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I went back and looked at the video, can't tell but do any of the bees have pollen attached? if so that may help to identify where they are going. One other thing I noticed some drones in the piles, they don't normally get into pesticides, so they must be getting it from inside the hives.
 

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Or the drones are just being evicted which happens this time of year in some locations. When I first started watching, I noticed a lot of drones so was wondering myself.
I wonder if they are getting into some kind of poisonous pollen or nectar from a plant close by that is not good for bees to forage on? One such plant here is California Buckeye which has poisonous pollen to the bees. It blooms in my area in May along with blackberries, and each year at may my bees slow down drastically as far as brood rearing and nectar storage. It gets fed to the larva and the hives take a pretty good hit from it, but I've not noticed the crawlers and piles of bees like what is posted here.
 

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Contact the Dyce lab at Cornell & send some pollen samples/bee bread for a thorough pesticide analysis. It costs only $90 & is well worth the cost. Cornell's pesticide analyzer can detect over 100 compounds & they must charge a fee to recoup expenses so the $90 price tag. The feds charge $400 for a similar service
 

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In my area, July is when Mosquito sprays get started. It's quite possible that is the problem for your friend as well. Someone in the close area is spraying for Mosquitoes or some other pesticide spray for something. It could also be close neighbor spraying in the garden or around the house from a pesticide company. Anyway, I'm like most others here, someone close by is spraying something.
my thoughts exactly it's quick also
 

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Look for some one growing vegetables close by and spraying sevin on his stuff. I could not keep colonies alive in one area and chanced upon a guy spraying plants close by, asked him what he was spraying, Sevin was the reply. I removed everything from that little yard and never went back.
Twice I have had bees accidentally poisoned. Once it was a gardener dusting their plants with sevin (including the blooms). I came home one day to a shovel full of white powdery bees laying in front of the hive. Many make it back to the hive then die when they are not foraging very far. Both times were in my old neighborhood where the lots are about .25 to .3 of an acre. The second time, I looked over and saw a neighbor 2 yards away spraying their apple trees to get rid of the large spider webs in the tree. It was loaded with blooms and my bees were all over them. I could literally see the stream of bees going to and from hives and apple trees. I ran over there and instructed them to never spray blooms with insecticides. Also said if you feel you must then do it late in the evening and let me know ahead of time.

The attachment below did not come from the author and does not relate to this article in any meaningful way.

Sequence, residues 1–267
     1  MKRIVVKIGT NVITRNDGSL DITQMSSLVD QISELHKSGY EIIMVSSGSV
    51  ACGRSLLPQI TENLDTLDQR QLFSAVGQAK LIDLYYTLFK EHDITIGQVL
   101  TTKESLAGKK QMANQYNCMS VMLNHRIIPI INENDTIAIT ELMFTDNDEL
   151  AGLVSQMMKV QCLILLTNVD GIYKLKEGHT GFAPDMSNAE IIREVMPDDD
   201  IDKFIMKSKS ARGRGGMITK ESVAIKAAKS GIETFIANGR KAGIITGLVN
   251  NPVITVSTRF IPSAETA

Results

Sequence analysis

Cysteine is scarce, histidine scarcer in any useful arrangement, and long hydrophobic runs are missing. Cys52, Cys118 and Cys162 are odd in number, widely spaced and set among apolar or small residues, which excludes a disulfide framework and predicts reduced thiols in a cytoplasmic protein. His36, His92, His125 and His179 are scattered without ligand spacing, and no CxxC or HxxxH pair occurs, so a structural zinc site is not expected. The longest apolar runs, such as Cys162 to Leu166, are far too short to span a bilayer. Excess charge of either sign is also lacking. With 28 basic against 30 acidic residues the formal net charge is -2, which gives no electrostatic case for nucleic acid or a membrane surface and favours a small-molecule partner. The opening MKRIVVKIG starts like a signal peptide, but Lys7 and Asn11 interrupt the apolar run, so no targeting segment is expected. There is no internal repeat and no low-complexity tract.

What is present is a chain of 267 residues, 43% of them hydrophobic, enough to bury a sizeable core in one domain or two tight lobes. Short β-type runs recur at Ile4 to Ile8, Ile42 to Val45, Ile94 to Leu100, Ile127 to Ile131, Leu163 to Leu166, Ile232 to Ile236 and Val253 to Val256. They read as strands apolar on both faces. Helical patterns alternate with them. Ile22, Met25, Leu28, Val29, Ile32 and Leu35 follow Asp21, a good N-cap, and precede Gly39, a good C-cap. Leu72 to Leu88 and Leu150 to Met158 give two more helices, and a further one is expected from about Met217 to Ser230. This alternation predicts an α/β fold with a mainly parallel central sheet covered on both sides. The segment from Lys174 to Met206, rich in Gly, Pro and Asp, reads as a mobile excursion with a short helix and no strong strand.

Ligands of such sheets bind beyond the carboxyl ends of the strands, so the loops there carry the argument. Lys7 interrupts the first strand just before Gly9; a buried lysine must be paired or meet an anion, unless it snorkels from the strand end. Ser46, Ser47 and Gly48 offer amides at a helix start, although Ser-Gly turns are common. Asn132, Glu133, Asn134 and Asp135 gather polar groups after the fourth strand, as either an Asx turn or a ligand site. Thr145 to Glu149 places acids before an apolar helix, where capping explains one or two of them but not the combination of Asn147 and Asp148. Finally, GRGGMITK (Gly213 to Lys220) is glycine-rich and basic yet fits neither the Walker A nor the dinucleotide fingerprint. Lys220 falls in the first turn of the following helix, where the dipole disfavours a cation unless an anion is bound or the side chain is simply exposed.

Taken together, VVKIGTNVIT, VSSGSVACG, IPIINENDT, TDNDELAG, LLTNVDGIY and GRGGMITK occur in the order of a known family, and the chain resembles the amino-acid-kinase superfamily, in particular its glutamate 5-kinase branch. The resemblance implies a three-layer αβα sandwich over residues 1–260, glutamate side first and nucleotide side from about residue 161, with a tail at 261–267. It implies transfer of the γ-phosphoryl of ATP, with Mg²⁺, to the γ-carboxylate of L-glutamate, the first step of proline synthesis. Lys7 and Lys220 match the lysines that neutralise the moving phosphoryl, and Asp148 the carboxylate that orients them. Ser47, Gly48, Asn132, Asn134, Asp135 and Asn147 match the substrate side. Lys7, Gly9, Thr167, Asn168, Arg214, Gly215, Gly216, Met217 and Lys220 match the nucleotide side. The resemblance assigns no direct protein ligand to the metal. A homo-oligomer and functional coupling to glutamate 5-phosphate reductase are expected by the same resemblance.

He gave me what seemed to be a sincere apology and never had trouble with that neighbor again.
One possible reason his bees have been dying and yours weren't is bees will go a long distance if they have to but often don't if they have an abundance a short distance away. Sorry, a lot of this probably sounds like repeat of what others have said.
 

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The video you show is classic poisoning. How? well that's the issue.

Poisoning will often not be able to be detected by a lab, because a test has to be run for each of the thousands of kinds of poison that exist, and it often cannot be done.

50 years ago when I first started in commercial beekeeping the majority of bee poisonings here were from sloppy agricultural practices. But that has been tightened up now and is pretty rare. Most local bee poisonings now are from a couple of toxic plant species that grow here in our native rain forests. I don't know if in the US you have species toxic to bees?

Then as you have suspected, it is always possible someone is actively poisoning them. A little while ago here there was even someone worried about large numbers of wasps in their garden who posted a recipe on Facebook to poison wasps, the recipe being honey, water, and a locally available flea killer. They were attempting to get as many local people as possible to do it, of course this would also have been deadly to bees.

Only solution I could offer is move the hives. Much as he may like them at his house, is the pain of seeing this happen every year worth it?
 

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Discussion Starter · #31 ·
For some reason beesource quit emailing me when people responded here and I am not often on the site. I really appreciate the responses and will have to look into sending samples. I do not have any Beltsville report as they weren't my bees, but will ask him if he does.
 
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